How long have you been doing this?
i started doing GIVE UP in late 2000 or early 2001 after taking a couple years off from traditional graffiti.
Is “give up” a team effort or is it just you?
i do it all myself.
How would you describe your style?
that's still a difficult concept for me. since it straddles the lines of photography, collage, and print. and, again, the art couldn't exist without each of those elements. but visually i would say it's generally fairly dark and gritty.
Where do you get the ideas for your imagery
i try not to force anything. if i'm not feeling particularly creative one month, i don't try to push it. but then sometimes my mind will be swirling like a storm and i just have to get it all out as fast as possible. i shoot all the photos that the work is built around myself. so i'm always shooting. whether i'm just shooting random things that i think might turn into something later, or i'm setting out with a specific finished image in mind. being that a lot of my work could be considered dark or threatening or apathetic it's almost like a therapeutic release, as opposed to other less constructive outlets. sometimes i'm just trying to get outside of my own head.
Where do you get your inspiration?
a lot of the work from the last couple years has had a lot of organic themes to it. i think there is a lot of beauty and peacefulness in nature, but there is also a lot of brutality and terror on the more animalistic/survival side of it. and even if there isn't an organic element within a particular piece, i hope it still conveys both of those feelings. as an appreciation of something beautiful that at the same time acknowledges a less safe side and the temporal nature of things. from a process perspective, i assemble and collage all the elements of a particular piece using a photocopier and scissors in the manner of early punk and hard core fliers, so i have to give credit to all of those early bands using photocopy and cut 'n paste out of necessity. as well other artists who's work has stuck with me like hermann nitsch, francis bacon, stephen kasner, and so on.
A lot of your imagery can viewed as shocking and controversial, what exactly is the message that you are trying to send?
there isn't one specific message and any art i think is open to interpretation. but whether it's a threat or a challenge or an affirmation or something more personal and self referential can change from piece to piece or even within the same piece. i don't think that at this point i'm particularly trying to shock anyone, but more reflect what i see and/or want to see.
Is your work premeditated or do you just go out guerilla style and post things wherever you can?
the work doesn't really exist the same without the context of the street, so i'm always looking for new spots. but for the most part i just post up what fits best as i come across it. very few pieces are spot specific.
Do you consider yourself a graffiti artist?
no, i do not. i have too much respect for graffiti and real writers to consider gluing posters to things graff.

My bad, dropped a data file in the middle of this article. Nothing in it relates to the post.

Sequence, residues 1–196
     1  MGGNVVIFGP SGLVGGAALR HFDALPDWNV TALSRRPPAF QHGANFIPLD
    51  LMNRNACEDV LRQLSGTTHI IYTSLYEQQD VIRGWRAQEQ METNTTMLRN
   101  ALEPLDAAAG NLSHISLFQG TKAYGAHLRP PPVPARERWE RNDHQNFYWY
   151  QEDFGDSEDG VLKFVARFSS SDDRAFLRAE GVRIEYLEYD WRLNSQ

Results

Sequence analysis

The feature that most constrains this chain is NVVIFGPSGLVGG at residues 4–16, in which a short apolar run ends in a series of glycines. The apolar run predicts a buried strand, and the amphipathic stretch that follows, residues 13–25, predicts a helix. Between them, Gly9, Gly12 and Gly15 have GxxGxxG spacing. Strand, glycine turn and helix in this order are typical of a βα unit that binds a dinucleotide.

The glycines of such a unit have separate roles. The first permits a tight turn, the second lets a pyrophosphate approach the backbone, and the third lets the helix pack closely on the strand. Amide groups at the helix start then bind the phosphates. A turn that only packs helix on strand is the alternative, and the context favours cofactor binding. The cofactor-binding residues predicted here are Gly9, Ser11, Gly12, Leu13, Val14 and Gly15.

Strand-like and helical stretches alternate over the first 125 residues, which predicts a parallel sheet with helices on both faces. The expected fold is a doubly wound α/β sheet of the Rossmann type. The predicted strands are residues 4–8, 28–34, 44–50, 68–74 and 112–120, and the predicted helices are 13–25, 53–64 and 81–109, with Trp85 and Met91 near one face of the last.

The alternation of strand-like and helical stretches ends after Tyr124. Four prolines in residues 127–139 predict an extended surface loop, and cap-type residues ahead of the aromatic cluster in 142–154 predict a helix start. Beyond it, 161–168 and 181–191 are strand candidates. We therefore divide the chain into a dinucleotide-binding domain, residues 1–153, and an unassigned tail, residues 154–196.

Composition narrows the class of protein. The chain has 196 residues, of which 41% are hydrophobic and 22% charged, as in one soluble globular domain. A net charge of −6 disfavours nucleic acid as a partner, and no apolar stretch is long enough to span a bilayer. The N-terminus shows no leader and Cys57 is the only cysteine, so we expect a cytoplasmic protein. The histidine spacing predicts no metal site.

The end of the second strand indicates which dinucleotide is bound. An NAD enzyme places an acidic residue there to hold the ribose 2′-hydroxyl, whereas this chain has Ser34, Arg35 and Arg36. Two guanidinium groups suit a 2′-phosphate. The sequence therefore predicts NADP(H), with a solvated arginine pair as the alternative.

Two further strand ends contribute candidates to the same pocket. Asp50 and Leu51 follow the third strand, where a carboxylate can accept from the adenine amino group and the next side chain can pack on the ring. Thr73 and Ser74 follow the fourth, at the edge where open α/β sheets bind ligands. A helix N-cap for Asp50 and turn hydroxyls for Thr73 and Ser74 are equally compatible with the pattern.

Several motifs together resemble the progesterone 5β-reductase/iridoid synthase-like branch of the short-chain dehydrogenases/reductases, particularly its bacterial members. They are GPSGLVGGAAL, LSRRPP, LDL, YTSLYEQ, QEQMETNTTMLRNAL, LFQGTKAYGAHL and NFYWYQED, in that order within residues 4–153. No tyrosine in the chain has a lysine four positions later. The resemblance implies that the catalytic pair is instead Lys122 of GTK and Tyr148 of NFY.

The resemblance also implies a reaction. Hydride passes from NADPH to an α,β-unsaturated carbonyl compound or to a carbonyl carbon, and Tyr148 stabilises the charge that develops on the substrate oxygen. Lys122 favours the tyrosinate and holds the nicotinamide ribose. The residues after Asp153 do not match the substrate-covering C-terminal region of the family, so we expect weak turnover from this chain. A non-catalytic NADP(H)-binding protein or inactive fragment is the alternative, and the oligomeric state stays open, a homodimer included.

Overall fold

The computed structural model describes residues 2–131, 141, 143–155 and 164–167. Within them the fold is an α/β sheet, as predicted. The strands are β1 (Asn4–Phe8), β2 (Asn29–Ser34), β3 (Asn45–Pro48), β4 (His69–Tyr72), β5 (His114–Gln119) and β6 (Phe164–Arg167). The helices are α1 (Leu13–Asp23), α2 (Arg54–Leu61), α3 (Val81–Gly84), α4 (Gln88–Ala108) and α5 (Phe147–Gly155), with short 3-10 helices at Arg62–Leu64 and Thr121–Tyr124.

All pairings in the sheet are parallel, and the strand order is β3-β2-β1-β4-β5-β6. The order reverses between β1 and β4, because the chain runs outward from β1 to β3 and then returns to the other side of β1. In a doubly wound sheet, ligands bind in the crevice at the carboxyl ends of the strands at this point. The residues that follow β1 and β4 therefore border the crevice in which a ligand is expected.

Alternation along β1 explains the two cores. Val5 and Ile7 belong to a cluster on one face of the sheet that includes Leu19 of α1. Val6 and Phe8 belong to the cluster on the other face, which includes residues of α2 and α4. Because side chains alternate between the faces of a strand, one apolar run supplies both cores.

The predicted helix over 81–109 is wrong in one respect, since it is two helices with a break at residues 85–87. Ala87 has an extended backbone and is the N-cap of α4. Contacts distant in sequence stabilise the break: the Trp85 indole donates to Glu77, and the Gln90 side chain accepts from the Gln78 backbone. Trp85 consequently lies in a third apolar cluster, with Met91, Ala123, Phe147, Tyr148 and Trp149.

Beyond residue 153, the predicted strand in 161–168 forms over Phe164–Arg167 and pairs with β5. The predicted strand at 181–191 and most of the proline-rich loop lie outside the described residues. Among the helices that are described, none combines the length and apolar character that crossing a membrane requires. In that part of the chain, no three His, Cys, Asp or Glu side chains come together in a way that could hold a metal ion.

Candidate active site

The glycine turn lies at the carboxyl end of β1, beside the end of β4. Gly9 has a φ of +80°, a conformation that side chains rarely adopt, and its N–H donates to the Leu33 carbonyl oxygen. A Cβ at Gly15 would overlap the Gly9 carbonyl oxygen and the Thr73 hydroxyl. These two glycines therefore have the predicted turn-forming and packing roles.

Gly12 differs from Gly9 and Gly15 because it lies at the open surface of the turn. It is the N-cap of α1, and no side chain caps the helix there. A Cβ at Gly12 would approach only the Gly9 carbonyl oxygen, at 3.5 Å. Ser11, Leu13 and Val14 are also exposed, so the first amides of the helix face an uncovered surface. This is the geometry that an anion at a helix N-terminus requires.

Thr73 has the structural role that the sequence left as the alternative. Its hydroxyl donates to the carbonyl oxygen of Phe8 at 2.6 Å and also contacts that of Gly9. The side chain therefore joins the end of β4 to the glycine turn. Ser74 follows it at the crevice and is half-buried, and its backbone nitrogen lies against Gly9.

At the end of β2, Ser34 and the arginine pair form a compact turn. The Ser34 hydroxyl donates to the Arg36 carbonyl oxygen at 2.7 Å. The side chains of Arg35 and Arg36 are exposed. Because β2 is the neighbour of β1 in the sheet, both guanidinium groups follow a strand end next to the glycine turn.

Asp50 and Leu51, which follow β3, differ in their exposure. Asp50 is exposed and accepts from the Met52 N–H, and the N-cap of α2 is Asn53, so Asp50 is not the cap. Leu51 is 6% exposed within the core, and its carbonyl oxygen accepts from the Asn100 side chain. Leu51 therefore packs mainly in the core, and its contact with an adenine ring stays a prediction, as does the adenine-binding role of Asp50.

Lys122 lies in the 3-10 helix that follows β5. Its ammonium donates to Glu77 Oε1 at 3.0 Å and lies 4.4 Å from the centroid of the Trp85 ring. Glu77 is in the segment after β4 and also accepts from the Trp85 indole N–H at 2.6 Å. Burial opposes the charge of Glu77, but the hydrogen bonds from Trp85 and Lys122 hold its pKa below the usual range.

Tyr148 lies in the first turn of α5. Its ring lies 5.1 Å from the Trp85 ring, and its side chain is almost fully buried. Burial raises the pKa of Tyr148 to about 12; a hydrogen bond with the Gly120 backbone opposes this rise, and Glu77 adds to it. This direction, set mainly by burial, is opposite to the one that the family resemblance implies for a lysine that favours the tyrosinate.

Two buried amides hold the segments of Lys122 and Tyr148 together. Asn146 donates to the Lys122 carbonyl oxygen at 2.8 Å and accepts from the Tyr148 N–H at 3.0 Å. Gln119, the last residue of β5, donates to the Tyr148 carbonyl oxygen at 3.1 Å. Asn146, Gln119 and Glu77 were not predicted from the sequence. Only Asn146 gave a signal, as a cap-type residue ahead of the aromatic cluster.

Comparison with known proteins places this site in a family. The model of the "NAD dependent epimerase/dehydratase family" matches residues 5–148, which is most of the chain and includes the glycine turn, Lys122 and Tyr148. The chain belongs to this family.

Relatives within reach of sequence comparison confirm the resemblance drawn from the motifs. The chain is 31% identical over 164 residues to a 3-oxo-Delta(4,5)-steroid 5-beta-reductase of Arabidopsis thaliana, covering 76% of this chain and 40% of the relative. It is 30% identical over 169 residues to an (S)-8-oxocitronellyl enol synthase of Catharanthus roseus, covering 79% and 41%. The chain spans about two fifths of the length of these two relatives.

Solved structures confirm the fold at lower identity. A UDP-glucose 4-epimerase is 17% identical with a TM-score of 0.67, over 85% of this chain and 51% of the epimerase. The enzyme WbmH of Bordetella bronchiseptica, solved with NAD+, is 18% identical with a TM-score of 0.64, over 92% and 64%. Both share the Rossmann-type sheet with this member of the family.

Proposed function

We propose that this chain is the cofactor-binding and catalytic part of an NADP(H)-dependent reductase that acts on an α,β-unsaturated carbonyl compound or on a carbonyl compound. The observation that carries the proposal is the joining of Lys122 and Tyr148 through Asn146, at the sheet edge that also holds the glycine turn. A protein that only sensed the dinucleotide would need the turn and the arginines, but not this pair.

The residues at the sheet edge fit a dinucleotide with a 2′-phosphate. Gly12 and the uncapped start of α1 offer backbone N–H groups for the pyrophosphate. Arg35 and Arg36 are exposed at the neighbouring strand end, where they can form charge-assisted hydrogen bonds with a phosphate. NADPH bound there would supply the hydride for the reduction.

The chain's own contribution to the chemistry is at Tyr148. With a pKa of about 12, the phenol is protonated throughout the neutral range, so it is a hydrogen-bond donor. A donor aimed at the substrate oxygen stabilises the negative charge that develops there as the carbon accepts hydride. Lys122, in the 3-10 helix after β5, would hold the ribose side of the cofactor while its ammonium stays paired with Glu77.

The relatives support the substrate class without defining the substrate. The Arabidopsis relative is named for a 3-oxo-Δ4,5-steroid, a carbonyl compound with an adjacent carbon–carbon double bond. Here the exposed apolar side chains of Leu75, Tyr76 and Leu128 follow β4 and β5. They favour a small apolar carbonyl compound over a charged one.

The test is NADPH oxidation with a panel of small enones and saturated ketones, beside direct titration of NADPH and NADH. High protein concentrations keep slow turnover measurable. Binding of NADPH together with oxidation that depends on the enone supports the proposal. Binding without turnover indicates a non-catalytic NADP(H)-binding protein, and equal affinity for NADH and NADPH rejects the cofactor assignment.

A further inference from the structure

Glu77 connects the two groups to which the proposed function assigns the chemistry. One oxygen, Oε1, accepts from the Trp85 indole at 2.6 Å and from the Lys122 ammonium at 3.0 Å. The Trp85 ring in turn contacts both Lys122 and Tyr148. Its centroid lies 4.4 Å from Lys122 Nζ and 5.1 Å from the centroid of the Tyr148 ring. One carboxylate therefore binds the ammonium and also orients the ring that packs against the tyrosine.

What are your thoughts about the current graffiti scene
i have friends that are writers and i really enjoy each time i see something new up whether its a hand style or a throw up or a full piece, but really i'm pretty far removed from the graffiti scene. haven't seen a lot of crossing out lately, and people are taking good advantage or available real estate. so i'd say things are pretty strong right now.
Have you done much or any commercial work?
i do art and design work for bands for time to time. mostly more metal and hard core stuff. tour posters, album covers, etc. and a few things for some skateboard companies. it feels pretty good to think that someone would want what i'm creating visually to be attached to what they're doing aurally.
What came first, the clothes or the posters?
definitely the posters. the tshirts and stuff really aren't my main focus. but my stuff is pretty print specific, and i couldn't keep turning people down when they asked me to make them a shirt.
How is the clothing and merchandising industry?
i don't know that the level or volume that i print tshirts at would really garner me inclusion in the clothing industry. i really just print a handful of shirts if there is a design that feels conducive to that application and if i think there might be any interest. it just seems that at this point the larger percentage of my audience is more prone to purchasing a shirt than they are a print.
Have you have any moments where you were hassled by the police?
i've been really lucky that i haven't gotten into any mentionable trouble since transitioning to the GIVE UP stuff from traditional graffiti.
How have people reacted to your artwork?
a lot of times it's hard to judge a reaction other than seeing the work slashed on the street. but thanks now to being online for a little while, most of what i hear directly is pretty positive. but i think any kind of response is positive because to me it means that people are at least noticing.
What is your favorite aspect of your job?
i feel really fortunate to be able to support myself off of being an artist, but i wouldn't consider it a job in any sense. and if it ever turned into that for me, i would have to reconsider my entire program and motivation. but really i enjoy most aspects of it, and i think that's what keeps me going. from the conception and creation, to the process of printing and execution, to the street application. none would exist without the other, any if any of the elements became a chore or distasteful i don't think i'd be able to continue.
Do you feel your work reaches out to people?
i think that making the work public seeks an audience more actively than maybe waiting on a gallery invitation. but ultimately the work is fairly personal and any reaction or feeling that someone wants to attach to it is up to their own interpretation.